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File your documents in court

Once you serve your documents on your partner, you must go to the courthouse to file them in your court file. You do this at the court counter, with the help of the court clerk.

Continuing record

Your partner will have started a court file, which is called the continuing record. The continuing record is court file that has all the important documents in your case.

Rule 9: Continuing Record says that you must file every document in your case in a continuing record so the judge can find it easily when it’s needed.

The continuing record has 2 parts:

  • The endorsement volume has all the endorsements and court orders the judge made in your case. An endorsement is the written directions a judge gives you and your partner that says what you must do or not do.
  • The documents volume has all the documents you and your partner file for your case, including Applications, Answers, Replies, affidavits of service, financial statements, motions, affidavits, and trial management conference briefs. It does not include case conference briefs or settlement conference briefs.

Documents are added to the continuing record after they have been served on the other person.

When you add a document to the continuing record, you also have to update the table of contents by listing each document you’re filing.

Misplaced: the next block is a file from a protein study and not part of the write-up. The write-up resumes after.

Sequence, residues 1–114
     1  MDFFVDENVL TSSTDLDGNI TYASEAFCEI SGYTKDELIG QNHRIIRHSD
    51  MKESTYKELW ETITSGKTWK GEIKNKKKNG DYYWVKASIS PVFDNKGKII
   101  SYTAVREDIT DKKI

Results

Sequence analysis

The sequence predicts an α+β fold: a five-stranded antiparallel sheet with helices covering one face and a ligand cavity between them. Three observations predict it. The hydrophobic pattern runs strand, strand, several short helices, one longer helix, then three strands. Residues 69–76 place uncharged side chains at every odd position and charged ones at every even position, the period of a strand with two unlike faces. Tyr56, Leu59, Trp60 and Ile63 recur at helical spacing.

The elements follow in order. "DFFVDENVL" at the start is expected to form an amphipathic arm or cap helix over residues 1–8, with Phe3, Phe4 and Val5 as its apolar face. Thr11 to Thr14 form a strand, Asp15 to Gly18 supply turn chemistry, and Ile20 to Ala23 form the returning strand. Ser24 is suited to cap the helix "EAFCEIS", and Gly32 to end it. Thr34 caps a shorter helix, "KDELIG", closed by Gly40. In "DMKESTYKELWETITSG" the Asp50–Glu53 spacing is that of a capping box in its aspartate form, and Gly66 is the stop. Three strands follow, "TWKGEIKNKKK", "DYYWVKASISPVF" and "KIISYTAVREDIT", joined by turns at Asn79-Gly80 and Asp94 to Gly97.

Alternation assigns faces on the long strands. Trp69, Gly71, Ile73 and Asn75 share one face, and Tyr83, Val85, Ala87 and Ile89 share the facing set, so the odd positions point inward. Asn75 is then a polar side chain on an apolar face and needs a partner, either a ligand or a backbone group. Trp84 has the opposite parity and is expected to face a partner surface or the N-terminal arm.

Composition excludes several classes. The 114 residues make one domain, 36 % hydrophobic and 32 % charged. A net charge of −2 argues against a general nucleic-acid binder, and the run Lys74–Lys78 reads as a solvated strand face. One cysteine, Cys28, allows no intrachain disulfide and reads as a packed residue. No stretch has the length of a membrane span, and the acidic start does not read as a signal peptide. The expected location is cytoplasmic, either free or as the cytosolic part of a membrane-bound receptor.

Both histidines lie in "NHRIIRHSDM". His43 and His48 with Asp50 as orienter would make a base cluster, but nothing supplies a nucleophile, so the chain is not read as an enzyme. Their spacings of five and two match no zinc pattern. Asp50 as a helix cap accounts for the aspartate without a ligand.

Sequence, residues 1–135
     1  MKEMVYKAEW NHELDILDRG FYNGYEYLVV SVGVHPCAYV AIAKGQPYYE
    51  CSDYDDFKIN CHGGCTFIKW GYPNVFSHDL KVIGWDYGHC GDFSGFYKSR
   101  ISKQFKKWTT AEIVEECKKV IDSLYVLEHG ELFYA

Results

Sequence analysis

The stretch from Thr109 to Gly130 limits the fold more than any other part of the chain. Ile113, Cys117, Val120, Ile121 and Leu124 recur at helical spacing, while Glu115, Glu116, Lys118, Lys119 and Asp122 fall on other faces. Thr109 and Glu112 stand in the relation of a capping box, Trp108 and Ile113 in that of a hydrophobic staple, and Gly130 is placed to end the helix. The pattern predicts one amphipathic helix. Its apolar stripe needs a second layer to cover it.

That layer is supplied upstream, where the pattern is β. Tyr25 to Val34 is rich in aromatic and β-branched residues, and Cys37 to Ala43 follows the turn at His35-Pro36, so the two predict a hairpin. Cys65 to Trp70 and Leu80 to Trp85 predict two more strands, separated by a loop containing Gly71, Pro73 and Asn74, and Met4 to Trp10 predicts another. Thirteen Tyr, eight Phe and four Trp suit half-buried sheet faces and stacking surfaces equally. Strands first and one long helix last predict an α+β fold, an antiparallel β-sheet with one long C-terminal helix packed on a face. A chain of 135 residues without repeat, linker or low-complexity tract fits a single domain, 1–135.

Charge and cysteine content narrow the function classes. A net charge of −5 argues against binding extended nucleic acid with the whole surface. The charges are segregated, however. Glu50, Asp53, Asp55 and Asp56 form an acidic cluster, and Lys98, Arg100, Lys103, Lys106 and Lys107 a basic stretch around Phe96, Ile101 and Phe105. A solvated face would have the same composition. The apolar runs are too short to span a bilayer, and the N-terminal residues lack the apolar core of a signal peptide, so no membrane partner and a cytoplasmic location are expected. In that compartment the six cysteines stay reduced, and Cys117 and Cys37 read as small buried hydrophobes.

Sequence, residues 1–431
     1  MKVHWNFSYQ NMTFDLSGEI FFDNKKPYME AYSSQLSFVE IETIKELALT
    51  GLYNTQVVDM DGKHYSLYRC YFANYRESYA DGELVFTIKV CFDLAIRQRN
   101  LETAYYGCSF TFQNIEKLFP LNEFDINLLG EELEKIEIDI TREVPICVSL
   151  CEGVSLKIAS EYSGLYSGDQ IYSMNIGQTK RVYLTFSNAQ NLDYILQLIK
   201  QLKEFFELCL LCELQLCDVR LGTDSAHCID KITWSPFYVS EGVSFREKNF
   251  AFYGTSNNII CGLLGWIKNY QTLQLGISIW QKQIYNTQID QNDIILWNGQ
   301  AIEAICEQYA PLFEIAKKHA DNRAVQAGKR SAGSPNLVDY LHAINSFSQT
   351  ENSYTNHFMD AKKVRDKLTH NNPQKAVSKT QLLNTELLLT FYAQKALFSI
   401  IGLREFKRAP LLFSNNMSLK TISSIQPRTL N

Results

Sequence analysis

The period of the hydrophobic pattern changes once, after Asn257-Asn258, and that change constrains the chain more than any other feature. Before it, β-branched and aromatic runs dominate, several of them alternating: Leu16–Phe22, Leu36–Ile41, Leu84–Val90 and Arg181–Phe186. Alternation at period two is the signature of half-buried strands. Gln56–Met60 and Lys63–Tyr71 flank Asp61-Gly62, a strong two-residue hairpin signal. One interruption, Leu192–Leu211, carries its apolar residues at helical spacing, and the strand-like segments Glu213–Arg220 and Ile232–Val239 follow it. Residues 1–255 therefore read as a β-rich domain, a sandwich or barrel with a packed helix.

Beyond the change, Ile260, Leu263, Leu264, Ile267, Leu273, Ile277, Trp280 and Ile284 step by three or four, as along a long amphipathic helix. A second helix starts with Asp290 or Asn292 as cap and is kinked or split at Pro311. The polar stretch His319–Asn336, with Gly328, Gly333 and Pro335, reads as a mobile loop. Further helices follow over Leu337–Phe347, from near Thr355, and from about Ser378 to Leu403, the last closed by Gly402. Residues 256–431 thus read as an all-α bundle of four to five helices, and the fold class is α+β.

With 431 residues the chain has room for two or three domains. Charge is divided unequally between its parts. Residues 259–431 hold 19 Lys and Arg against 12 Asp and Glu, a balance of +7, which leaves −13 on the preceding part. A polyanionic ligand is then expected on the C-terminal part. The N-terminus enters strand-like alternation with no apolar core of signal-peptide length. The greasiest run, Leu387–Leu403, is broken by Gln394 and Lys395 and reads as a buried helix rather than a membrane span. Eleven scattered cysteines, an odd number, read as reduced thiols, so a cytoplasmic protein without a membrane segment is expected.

Court staff can help you figure out where each document goes in the continuing record.

Make sure you keep a copy of every document you and your partner fill out. This allows you to keep track of your case yourself. You won’t have to go to the court to ask the court clerk to get your file if you need to check something.


Court fees

There are no court fees at the Ontario Court of Justice. But, if your case is at the Superior Court of Justice or the Family Branch of the Superior Court of Justice you have to pay court fees. These include:

  • $125 to file an Answer
  • $157 to file an Answer that includes a divorce

If you can’t afford to pay the court fees, you can ask the court for a “fee waiver”. This means you don't have to pay most court fees. The Ontario government’s A Guide to Fee Waiver Requests tells you which court fees can be waived and how to ask for a fee waiver.